In an earlier article for Bloomberg View, I described a danger facing investors: the put-option illusion. This is when investors, who tend to extrapolate too much from recent trends, are fooled into thinking that a string of good returns means an investment has very little risk. Often the risk is just lurking way out in the tail of the distribution, ready to jump out and crush your wealth.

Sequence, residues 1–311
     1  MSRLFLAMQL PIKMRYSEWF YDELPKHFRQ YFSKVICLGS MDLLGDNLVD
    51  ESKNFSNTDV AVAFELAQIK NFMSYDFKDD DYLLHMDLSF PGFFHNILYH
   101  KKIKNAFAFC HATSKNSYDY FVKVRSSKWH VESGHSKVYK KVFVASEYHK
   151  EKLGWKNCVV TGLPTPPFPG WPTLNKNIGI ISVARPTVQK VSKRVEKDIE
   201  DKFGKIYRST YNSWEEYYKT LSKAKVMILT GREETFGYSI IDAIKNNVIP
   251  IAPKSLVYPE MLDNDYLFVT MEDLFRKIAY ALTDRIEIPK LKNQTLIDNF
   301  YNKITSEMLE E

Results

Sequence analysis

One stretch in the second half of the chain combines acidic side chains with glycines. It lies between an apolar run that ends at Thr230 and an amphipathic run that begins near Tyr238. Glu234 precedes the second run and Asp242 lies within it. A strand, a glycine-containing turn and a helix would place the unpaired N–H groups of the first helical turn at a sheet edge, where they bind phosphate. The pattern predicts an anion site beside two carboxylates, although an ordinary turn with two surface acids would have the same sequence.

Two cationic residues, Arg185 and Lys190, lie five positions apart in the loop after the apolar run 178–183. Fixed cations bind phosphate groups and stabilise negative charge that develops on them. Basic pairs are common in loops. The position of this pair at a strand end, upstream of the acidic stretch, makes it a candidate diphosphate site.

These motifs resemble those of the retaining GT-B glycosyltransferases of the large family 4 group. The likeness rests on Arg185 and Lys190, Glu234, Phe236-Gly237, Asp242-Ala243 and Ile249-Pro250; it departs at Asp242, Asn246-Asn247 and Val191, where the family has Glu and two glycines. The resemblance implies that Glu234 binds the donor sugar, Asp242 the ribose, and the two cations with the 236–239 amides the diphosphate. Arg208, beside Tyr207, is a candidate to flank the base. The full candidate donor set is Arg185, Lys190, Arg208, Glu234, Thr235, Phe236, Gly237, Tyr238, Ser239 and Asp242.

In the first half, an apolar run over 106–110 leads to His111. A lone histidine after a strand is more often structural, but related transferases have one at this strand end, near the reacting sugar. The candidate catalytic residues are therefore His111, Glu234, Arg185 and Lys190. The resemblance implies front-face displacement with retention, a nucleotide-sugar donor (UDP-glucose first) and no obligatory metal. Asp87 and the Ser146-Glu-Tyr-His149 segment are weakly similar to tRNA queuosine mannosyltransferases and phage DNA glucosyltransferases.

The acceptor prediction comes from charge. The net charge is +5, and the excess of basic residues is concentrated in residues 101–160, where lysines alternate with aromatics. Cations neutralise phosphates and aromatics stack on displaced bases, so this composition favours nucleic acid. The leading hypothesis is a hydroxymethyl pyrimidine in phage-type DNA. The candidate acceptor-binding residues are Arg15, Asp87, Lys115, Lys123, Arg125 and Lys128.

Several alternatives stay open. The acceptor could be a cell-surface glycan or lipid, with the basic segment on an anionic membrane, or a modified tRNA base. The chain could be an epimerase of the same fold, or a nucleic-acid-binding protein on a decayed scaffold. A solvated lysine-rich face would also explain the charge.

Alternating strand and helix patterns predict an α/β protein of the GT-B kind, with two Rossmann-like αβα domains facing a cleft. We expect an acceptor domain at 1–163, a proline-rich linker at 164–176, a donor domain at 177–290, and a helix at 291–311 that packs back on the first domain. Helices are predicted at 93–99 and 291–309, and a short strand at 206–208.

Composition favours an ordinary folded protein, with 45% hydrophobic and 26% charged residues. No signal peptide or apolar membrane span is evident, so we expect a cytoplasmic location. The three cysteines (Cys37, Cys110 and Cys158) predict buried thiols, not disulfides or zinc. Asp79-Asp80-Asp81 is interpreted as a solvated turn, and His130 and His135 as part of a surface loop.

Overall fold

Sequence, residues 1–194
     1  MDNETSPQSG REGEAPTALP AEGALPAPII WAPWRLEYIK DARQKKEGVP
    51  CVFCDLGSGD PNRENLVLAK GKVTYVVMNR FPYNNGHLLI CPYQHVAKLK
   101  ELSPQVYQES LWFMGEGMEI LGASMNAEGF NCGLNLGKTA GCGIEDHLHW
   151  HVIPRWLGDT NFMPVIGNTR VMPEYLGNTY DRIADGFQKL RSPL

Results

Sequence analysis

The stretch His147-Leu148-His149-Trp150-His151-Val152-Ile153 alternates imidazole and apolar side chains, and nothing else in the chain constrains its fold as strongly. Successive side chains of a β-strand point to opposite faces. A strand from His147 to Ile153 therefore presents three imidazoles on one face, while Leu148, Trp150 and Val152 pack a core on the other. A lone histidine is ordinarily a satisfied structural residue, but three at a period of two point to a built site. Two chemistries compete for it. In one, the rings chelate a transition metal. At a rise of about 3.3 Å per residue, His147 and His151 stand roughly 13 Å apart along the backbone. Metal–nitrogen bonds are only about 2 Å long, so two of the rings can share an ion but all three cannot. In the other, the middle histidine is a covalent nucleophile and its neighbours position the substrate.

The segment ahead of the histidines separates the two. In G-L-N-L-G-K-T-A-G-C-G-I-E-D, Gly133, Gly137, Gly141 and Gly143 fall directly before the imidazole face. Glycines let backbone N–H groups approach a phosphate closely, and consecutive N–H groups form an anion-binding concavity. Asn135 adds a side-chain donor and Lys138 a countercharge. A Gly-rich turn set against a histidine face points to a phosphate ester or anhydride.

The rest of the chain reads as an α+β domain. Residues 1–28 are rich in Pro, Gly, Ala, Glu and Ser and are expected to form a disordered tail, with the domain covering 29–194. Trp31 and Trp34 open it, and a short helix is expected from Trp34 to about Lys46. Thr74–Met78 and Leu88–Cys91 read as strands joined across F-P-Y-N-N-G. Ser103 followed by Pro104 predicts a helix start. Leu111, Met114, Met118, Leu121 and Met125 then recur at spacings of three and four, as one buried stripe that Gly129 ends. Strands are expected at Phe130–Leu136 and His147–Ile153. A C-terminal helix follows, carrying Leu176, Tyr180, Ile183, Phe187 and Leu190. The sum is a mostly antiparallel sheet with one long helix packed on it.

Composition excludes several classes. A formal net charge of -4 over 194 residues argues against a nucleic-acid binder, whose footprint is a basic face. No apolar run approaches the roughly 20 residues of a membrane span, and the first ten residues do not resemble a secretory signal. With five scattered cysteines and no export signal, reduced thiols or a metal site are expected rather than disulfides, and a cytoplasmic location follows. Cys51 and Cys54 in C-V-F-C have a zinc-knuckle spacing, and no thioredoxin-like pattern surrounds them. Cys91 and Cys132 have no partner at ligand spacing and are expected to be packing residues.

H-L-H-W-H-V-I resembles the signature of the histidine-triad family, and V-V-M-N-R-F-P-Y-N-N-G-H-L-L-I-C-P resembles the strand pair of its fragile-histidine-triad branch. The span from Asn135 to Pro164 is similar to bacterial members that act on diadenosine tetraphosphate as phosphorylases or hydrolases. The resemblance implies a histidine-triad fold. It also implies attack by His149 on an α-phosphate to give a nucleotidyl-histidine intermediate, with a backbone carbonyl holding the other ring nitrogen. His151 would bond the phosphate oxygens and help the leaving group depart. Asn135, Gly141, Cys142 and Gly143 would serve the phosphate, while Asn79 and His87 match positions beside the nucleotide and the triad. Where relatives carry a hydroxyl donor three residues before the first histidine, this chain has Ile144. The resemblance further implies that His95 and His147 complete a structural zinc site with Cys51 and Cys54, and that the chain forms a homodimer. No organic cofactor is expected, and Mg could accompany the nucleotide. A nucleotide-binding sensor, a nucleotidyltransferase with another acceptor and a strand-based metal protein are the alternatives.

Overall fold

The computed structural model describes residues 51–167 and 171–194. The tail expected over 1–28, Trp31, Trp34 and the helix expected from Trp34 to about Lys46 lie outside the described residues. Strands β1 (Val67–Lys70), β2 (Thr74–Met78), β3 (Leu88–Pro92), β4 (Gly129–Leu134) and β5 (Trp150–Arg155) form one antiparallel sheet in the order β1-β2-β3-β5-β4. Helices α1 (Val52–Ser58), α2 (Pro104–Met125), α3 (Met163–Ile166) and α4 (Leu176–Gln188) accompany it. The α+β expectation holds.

In that article, I also talked about some research by Vikas Agarwal and Narayan Naik from the mid-2000s showing that many hedge funds had returns that looked a lot like selling out-of-the-money puts on the Standard & Poor’s 500 Index. I suggested that maybe these funds were — consciously or unconsciously — playing to investors’ put-option illusion. But there is another reason for hedge funds to adopt an investment strategy that has many small gains and a few big disastrous losses. As it turns out, this kind of strategy can be used to boost Sharpe ratios.
More here – Bloomberg View